I have a confession. I eat ice cream every…single…day. Not a lot (and sometimes just a spoonful or two) but I feel that my day would somehow be weird and incomplete without it. I also love to mix ice creams so there are normally ~3 containers of ice cream in our freezer at any given time (keep in mind that Nathan almost never eats ice cream…the ice cream is all mine…MINE!) I don’t often go for the ‘normal’ flavors…I’m a sucker for the weird ‘limited edition’ flavors with chunks of something or other floating around in it. No plain vanilla around here! Well, given my passion and propensity for ice cream, you can imagine my elation when we received an ice cream maker for Christmas (given to us mainly because it was at the top of our wish list marked with a bold “WE NEED THIS” in 72 point font.)
I now want to turn everything into ice cream as you can tell by Nathan and I’s recent conversation below:
Nathan: I’m not feeling well today…I think I have this cold that’s been going around.
Katryn: Oh dear…I’m sorry. I think you’ll feel better if I make you some chicken noodle soup…ice cream.
In an effort to inspire us to make a palatable ice cream in keeping with the spirit of the blog, Nathan suggested we make buttered rum ice cream. Hot buttered rum has been on our ‘blog to-do list’ for quite some time now. But why make hot buttered rum when you can make hot buttered rum ice cream with fudge brownie chunks in it? This, dear readers, is truly a decadent delight of arctic glory. Especially when paired with our homemade ice cream cones that were surprisingly easy and fun to make (no waffle cone iron needed!) Get your ice cream maker out and give this a try…and stay tuned for many more frozen confections from Rampant Cuisine!
Katryn didn’t really feel like she could pair a wine with our ice cream but I’m no wuss. I thought that some rich coffee flavors would compliment our ice cream well so I grabbed this cream stout to drink. With a roasted aroma as well as coffee and anise flavors this super dark beer has a crisp taste at first but finishes smoothly. Stouts don’t do it for me on a regular basis but it was a pretty good beer to wash down our ice cream!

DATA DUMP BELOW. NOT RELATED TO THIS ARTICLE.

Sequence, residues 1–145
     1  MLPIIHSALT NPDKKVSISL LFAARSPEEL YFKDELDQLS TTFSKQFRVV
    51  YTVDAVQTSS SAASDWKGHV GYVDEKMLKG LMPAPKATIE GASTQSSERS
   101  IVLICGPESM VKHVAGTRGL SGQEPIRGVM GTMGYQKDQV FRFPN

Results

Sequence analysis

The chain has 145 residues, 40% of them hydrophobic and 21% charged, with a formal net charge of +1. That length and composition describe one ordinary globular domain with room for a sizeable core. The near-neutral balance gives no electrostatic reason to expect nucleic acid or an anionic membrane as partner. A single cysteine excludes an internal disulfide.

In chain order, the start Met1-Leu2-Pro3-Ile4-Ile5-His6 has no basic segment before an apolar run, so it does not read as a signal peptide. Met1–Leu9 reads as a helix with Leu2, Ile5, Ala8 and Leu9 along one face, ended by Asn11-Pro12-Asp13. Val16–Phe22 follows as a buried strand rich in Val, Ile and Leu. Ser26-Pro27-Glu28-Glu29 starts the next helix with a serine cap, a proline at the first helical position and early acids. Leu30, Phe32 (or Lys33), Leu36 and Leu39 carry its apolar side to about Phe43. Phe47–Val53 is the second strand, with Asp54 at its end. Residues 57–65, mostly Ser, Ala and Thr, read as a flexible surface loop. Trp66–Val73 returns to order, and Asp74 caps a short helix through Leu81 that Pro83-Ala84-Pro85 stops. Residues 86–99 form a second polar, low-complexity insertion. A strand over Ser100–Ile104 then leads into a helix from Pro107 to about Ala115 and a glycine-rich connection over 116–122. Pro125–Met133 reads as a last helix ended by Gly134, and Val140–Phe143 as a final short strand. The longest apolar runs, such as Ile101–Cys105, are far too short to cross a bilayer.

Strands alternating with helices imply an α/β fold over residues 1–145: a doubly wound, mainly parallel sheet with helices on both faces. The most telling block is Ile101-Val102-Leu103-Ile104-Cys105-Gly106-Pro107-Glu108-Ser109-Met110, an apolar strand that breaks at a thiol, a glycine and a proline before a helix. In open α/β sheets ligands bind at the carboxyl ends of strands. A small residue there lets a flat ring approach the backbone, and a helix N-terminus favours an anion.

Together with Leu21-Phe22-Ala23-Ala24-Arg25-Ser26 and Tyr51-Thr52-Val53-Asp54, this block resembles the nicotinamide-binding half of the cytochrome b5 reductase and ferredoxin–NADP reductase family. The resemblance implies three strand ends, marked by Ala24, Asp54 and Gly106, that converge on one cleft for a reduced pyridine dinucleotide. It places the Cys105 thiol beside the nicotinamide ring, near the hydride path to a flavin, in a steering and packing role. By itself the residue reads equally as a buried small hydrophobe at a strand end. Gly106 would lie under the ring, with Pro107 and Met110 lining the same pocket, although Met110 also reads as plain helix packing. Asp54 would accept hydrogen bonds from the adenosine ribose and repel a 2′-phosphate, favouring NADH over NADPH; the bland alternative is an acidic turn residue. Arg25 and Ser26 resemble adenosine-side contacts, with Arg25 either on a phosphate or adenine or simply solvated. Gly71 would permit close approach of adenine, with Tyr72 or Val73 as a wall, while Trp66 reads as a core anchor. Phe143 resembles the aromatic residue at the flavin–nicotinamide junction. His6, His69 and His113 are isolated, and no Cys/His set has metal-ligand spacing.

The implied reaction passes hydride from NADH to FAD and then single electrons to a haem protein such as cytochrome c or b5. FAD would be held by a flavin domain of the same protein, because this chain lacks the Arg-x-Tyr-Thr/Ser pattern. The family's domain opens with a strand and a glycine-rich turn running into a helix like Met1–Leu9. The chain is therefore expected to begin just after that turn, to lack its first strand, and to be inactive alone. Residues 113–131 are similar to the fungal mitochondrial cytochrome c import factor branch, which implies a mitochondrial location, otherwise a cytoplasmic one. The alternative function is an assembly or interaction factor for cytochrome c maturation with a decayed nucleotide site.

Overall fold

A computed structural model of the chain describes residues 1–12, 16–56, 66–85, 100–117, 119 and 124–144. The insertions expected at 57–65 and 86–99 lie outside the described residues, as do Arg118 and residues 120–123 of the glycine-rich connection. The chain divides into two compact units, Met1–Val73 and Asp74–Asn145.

Buttered Rum Ice Cream
¼ cup dark rum
¼ cup water
1 cup brown sugar
⅛ tsp. salt
⅛ tsp. freshly grated nutmeg
2 egg yolks
2 Tbs. butter, diced, at room temperature
1 cup milk
1 tsp. vanilla extract
1 cup heavy cream
Fudge brownie bits, to taste. (Recipe will be posted on Katryn’s Baking Corner later this week!)
Caramel syrup, recipe follows.
(Makes about 1 quart)
Make the rum syrup: Mix the rum, water, brown sugar, and salt in a small bowl and grate in the nutmeg. Stir to dissolve, and cook on low heat until it turns into a light syrup, about 2 minutes.
Whisk the egg yolks in a double boiler until fluffy. Turn the heat to low and slowly stream the rum syrup into the eggs while stirring gently.
Gently cook the mixture over low heat while stirring continuously with a heatproof spatula or flat-ended wooden spoon. Turn off the heat when you can draw a line on the back of the spoon with your finger and the line retains its shape. Stir in the butter.
Cover and chill the custard for at least 8 hours.
Once the custard is completely cold pour it into a large bowl and whisk in the milk and vanilla extract.
In a separate bowl, whisk the heavy cream vigorously until it reaches soft peaks.
Fold the whipped cream into the custard.